“In the late Sixties I was singing but nothing was happening. The wind went out of the sails of the revolution, songs weren’t played on the air and I just became disillusioned, as I’ve said before. I took a back seat and enjoyed it that way.
          “All around me the business was asking why I wasn’t happening, so that’s where the ‘well-known has-been’ comes from. The business doesn’t know how to handle you when you are not happening. Ray Davies has put it very clearly in all his songs but...it was O.K. I sat back and realised I had an audience and that was my strength.”
          Before leaving CBS, Clive Davis re-signed Donovan to Epic for five years with a guarantee of ten albums, but the time period may well extend to seven years, for his output hasn’t been too prolific of late.
          In fact, Donovan still owes Epic another six albums.
          Ten years on, Donovan still enjoys singing material that dates back. “I love singing those old songs. I don’t think they date at all,” he said. “If the audience likes to hear them, I’ll play them and I’ll probably always sing them. I think an artist’s attitude towards his old songs is important, too. I mean...’Catch The Wind’ probably meant something to hundreds of people in the audience at one time in their lives and it’s interesting to see what it means now.
          “Every year I seem to find the audiences getting younger, so it’s not the same people who always come to my shows year after year. My face looks young but my sound is ageless. I don’t know of any artists over the years who sing and play from the same position as myself.”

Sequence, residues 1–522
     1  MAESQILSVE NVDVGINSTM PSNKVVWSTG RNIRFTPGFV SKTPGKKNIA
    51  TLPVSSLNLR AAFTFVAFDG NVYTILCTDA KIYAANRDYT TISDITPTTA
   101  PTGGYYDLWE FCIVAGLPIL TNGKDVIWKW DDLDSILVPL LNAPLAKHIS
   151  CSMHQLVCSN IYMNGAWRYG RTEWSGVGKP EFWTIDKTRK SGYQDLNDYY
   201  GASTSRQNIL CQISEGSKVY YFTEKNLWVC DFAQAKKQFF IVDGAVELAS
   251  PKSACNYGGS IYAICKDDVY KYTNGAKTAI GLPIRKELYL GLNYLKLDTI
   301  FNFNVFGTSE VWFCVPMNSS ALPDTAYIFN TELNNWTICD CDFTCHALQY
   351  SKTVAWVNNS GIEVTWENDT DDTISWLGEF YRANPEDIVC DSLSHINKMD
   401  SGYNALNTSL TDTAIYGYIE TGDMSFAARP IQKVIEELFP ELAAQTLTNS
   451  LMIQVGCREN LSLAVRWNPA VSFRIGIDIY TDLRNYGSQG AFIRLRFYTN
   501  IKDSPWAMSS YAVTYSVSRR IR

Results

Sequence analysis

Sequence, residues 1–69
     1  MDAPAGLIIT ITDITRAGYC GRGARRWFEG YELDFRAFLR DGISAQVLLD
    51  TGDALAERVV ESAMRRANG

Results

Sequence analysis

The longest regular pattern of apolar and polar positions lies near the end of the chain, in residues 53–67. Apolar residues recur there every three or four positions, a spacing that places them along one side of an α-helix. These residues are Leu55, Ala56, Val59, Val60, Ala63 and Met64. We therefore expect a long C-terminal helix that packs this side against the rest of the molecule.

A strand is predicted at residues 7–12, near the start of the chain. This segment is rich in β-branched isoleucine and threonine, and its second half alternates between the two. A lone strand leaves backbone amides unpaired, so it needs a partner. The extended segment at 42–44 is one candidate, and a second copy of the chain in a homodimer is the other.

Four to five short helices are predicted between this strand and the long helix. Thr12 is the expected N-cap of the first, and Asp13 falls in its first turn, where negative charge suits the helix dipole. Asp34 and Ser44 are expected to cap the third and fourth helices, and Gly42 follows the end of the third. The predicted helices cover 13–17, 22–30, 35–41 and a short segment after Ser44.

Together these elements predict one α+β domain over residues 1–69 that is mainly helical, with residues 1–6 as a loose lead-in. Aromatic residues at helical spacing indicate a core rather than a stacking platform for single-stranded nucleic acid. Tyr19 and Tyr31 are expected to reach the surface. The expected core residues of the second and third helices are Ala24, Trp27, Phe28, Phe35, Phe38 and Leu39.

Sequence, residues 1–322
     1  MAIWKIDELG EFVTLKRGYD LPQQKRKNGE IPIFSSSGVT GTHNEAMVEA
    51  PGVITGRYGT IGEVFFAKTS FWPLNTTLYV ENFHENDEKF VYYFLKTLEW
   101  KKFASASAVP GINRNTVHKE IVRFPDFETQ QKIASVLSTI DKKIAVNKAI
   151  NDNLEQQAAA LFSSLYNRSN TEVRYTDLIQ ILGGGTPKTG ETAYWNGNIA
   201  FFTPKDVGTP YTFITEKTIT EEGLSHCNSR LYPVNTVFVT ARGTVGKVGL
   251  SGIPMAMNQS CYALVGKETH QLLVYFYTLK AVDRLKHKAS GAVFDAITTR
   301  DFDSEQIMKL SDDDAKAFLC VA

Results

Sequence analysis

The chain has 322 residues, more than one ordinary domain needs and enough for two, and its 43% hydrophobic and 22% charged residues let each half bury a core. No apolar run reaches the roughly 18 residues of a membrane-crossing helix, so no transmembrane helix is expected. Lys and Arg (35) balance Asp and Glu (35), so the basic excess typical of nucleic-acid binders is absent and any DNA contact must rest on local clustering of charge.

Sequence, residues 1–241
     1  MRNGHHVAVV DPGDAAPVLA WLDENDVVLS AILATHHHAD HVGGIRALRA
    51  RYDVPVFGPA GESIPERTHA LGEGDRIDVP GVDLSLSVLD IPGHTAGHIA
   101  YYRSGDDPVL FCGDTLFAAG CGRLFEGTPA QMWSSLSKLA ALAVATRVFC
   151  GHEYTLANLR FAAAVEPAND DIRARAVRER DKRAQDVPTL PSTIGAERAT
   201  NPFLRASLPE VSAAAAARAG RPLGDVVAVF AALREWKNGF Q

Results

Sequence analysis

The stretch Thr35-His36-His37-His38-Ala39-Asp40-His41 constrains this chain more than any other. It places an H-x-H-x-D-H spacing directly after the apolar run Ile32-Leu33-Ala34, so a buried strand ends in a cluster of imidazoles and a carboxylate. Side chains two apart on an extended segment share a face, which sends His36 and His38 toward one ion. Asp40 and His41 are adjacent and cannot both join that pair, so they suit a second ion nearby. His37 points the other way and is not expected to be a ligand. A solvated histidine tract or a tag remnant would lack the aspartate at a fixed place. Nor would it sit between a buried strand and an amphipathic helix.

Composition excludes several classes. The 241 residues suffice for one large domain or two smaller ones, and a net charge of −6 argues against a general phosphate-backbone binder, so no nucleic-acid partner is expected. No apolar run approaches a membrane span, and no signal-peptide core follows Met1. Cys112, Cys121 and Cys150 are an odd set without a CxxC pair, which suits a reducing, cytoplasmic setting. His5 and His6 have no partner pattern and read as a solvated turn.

He still winces slightly when recalling that he was dubbed as Britain’s answer to Dylan, though he feels the comparisons were valid, if slightly embarrassing, at the time. “Well, we were both renegades who’d left home, but even the hat wasn’t a direct lift because Dylan had borrowed his. The folk scene generally, Woody Guthrie and Pete Seeger, was what I was into and so was Dylan. I followed Dylan but I was two years younger.
          “But the comparison...well, I was the young folkie in Europe and he was the the young folkie in America and we both sang about underground matters. In the end Dylan showed that we were very different. He drifted off into his musical things and I drifted off into mine. Certainly, he was the first herald. He spoke first and opened up many ways for us all to expand.
          “I feel it’s a bit of an honour to have been tied to a man with such a power over words.”
          Last year Donovan toured Australia and New Zealand for the first time, but taxes will keep him away from England until at least the end of this year.
          He is based in the US and is currently applying for residency here. “I live in the desert but we’re still gypsies as a family. Slowly we’ll settle, but our children are travelling kids just like I am. I’ll always be a gypsy.”